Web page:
The man convicted of murdering Cardiff prostitute Lynette White has told a jury he killed her alone.
Jeffrey Gafoor, 46, who was jailed for life in 2003 for Ms White's 1988 murder, is a prosecution witness in a Swansea Crown Court trial.
Five innocent men were charged with her murder, and he said he felt "terrible" about what they had been through.
Eight ex-police officers deny conspiracy to pervert the course of justice. Two other people deny perjury.
Three men, who became known as the Cardiff Three, were wrongly convicted of the docklands murder.
The prosecution claim that the former South Wales Police officers manufactured evidence that led to the convictions of Ms White's boyfriend and pimp Stephen Miller, Yusef Abdullahi - who has since died - and Tony Paris.
'Miscarriage of justice'
The men, who became known as the Cardiff Three, were convicted in 1990 of the murder but released from jail two years later by the Court of Appeal.
Taking to the stand in Swansea, Gafoor was asked by the prosecution if he had pleaded guilty in 2003 to Ms White's murder.
"Yes I did," he replied.
He denied knowing any of the three men who were convicted of the murder in 1990.
"I now feel that it was a miscarriage of justice," he said. "Their problems stemmed from my actions and I feel terrible about it.
"I know that they did not have anything to do with it and that they were completely innocent because I was the one who killed Lynette White.
"All the injuries she had she received from me. There was no cover-up of the killing."
"Grasped for knife"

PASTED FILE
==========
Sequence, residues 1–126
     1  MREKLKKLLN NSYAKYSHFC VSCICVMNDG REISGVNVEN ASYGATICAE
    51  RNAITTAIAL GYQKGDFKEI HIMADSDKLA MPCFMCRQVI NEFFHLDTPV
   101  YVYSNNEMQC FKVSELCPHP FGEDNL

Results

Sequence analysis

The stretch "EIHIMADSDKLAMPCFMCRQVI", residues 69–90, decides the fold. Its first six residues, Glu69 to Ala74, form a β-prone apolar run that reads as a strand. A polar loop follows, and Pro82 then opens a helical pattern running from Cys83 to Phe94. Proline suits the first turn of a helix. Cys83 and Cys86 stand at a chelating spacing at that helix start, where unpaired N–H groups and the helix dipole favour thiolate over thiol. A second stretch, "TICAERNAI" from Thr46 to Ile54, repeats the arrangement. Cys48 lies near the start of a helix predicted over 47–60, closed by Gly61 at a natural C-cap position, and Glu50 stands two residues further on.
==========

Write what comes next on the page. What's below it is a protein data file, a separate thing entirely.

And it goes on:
Gafoor, who worked as a security guard, described stabbing the 20-year-old in the flat where her body was found after an argument over money.
"I met Lynette White for her services as a prostitute but I changed my mind and asked for my money back," he said.
"We argued and I grasped for a knife to threaten her to get my money back.
"We both had the knife. In the course of an argument I stabbed her and she was killed.
"I remember stabbing but it is all a bit vague. I mean fuzzy. I don't want to say dreamlike but it is a lot like that.
"It seemed to go on a long time. I was shouting and she was shouting back at me."
He was asked if anyone else was in the flat at the time and he replied: "No, I was the only person in the flat.
"When I last saw her she was in the flat face down on the floor."
The court has heard that after her death seven months of police investigation failed to get any result so officers allegedly began to "fit up" the innocent men for the murder.
They invented a fictional scenario which was "almost entirely a fabrication and was largely the product of the imagination," the court has heard.
Questioned by William Coker QC, the barrister representing former Chief Insp Graham Mouncher, Gafoor denied being pressured into taking full and sole responsibility for the crime.
He agreed that after he had been jailed for life - but before he had been told the minimum number of years he would serve before being released on parole - he was interviewed by detectives probing the original police investigation.
In 2004 he again met police who by then had turned the interview into a statement and asked him to check it and sign, if he agreed it was all true and accurate, the court heard.
Gafoor was reluctant to sign because the declaration included the statement that he was willing to appear in court if the investigation led to a prosecution.
Mr Coker asked him if he could remember asking a police officer what could be the consequences of not signing, and was told: "It could affect your release date."
To that, Gafoor allegedly replied: "So it's technically blackmail."
Mr Gafoor said he could not, now, remember those words.
Mr Coker also said there was a connection between Gafoor and the men originally jailed for her murder.
The court was told Gafoor's aunt, Marjory Gafoor, had been a prostitute working close to the murder scene at the time.
Mr Coker said her son, Tony Dickman, had a girlfriend who was the best friend of Leanne Vilday, who led police to the body.
He added that Gafoor had previously been represented in court by a barrister and solicitor who also represented men who had been earlier tried for the murder.
The former officers are accused of conspiracy to pervert the course of justice by agreeing to "mould, manipulate, influence and fabricate evidence".
The accused all deny the charges.